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Rick Scott, Governor
Florida Department of Corrections, Secretary Michael D. Crews

Florida Department of Corrections
Timothy H. Cannon, Interim Secretary

Education Program Expansion

Issue Code: 4700630
Program: Education and Programs
Title: Education Program Expansion
Amount: $3,265,314
FTE: 47

Research shows that providing inmates who lack prior vocational training or a prior employment history with vocational training reduces recidivism. The recommitment rate for the 2,459 inmates released in FY 2000-01 who earned a vocational certificate in prison was 14.31% compared to 19.51% for those who did not complete the vocational program. A similar review for inmates released during FY 2002-03 indicated a recommitment rate of 13% for inmates awarded vocational certificates, while the recommitment rate for all inmates was 21.3%. A January 2001 study conducted by the Department, which focused on 18,414 inmates released from prison in FY 1996-97, determined that inmates who earn a vocational certificate are 14.6% less likely to recidivate than those who do not complete a program.

Chapter 20.315, section (1)(f), Florida Statutes, charges the Department with the duty to provide academic and vocational education programs to incarcerated offenders and supervised offenders which will prepare them for occupations available in the community. Due to budget reductions, the number of vocational training programs offered by the Department has decreased from 173 in FY 2000-01 to 99 in FY 2006-07.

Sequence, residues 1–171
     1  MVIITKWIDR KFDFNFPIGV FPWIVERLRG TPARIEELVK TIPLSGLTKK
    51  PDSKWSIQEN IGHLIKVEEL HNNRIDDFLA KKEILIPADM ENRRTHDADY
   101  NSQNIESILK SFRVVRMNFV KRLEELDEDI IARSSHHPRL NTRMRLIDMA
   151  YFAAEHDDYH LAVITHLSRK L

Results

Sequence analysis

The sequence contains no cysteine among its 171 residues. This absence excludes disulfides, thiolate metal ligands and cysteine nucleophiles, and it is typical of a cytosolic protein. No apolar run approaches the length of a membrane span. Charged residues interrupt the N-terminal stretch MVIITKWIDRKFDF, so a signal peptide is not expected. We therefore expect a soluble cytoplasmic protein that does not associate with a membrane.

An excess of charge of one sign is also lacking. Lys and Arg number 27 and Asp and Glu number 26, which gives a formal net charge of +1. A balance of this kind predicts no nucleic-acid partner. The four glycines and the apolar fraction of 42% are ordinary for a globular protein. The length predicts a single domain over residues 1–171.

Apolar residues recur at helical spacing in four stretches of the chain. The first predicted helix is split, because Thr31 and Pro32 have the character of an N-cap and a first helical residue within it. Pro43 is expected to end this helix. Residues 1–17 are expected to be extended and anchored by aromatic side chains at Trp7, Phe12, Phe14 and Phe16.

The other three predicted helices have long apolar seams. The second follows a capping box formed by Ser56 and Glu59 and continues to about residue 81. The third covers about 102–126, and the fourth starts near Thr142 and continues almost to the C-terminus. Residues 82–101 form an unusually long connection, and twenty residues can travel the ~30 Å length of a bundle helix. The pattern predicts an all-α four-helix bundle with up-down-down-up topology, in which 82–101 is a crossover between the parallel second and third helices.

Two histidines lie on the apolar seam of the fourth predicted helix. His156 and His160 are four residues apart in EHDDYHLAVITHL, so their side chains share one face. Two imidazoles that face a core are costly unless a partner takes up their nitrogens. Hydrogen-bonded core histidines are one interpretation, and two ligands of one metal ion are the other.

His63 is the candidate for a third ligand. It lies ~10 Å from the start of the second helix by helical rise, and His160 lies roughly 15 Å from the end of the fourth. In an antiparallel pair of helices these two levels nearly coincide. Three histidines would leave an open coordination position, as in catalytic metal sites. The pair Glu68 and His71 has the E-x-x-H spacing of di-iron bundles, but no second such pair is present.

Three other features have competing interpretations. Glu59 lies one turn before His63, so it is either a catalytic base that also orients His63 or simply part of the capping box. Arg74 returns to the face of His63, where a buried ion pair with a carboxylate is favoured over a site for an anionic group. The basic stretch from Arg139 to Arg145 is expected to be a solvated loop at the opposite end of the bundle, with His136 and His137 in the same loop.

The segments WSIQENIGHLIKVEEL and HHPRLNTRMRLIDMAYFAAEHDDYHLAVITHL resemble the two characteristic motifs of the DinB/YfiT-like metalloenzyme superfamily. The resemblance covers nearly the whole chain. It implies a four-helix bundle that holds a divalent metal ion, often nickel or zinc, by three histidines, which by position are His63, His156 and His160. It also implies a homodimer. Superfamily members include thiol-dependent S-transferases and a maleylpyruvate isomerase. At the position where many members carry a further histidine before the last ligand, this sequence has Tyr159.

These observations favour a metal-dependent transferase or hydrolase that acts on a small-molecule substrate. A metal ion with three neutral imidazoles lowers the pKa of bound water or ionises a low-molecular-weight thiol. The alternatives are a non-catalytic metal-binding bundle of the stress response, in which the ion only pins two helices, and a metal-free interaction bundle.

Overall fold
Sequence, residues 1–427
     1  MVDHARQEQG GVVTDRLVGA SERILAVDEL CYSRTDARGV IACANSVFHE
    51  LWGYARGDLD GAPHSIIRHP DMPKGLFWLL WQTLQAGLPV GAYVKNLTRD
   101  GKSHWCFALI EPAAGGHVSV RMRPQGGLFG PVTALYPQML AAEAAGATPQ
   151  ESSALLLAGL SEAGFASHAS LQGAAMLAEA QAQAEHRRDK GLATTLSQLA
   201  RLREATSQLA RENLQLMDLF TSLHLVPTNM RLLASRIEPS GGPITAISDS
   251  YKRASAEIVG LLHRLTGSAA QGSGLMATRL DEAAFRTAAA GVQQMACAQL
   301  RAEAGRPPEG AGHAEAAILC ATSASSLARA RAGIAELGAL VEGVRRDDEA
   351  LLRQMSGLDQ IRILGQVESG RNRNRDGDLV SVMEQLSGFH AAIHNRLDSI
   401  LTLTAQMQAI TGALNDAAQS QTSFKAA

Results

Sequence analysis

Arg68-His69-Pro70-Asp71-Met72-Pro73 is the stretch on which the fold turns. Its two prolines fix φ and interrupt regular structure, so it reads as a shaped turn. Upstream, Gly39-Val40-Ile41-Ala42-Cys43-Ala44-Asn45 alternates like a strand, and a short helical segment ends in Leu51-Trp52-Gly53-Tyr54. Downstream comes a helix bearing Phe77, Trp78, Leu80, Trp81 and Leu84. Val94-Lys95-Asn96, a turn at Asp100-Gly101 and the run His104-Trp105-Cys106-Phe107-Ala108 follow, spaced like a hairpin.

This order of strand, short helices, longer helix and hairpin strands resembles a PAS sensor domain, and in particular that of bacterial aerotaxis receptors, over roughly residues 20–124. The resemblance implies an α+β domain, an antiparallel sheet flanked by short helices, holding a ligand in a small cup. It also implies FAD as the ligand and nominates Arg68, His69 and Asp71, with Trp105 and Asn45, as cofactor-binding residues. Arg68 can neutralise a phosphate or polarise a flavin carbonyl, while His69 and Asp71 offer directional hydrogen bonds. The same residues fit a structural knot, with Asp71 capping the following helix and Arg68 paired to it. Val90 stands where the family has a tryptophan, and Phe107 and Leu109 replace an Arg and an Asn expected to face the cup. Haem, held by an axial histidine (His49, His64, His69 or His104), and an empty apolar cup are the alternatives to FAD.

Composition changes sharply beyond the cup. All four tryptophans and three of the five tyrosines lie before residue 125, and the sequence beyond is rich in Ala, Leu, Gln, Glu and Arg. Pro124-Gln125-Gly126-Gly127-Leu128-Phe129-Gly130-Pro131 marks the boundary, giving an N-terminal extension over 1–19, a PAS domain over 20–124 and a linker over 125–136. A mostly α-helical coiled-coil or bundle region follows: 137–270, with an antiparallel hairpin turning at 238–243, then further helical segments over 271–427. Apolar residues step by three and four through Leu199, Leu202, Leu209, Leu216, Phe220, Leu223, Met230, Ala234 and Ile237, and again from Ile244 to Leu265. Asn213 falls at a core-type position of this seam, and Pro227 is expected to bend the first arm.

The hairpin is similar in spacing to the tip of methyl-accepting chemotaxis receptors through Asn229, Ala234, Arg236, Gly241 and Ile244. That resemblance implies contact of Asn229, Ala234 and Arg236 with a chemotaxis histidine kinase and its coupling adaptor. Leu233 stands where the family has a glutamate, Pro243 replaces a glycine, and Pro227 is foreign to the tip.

During FY 2005-06, 1,285 inmates were certified as completing at least 1 of the Department's 92 vocational education programs. According to the Department's Risk and Needs System, 13,424 inmates who are not now enrolled in a vocational program are identified as needing vocational training. Given it takes an inmate between 4 months and 10 months to complete a vocational training program, the Department's current 99 vocational programs, with an enrollment capacity of 1,760, are not sufficient to provide vocational training to all inmates who need it - even when considering that some of these inmates may have up to 5 years in which to complete said training before they are released (i.e., they have sufficient time remaining on their sentences to be placed on waiting lists and trained when spaces later become available). Another factor is population increase: the prison population is increasing by approximately 4,000 inmates a year, with an average of 24% needing vocational training. As a result, unless additional vocational training programs are established, the pool of inmates with vocational needs will grow by 1,000 inmates a year. The Department needs more vocational training programs.

In this budget proposal, the department requests 47 positions: 26 Vocational Teacher positions to re-establish 26 vocational education programs; 9 Academic Teacher positions to provide required remedial academic education to vocational students and 12 Education Supervisor I positions to provide needed administrative support to these and other academic and vocational education programs. Specifically: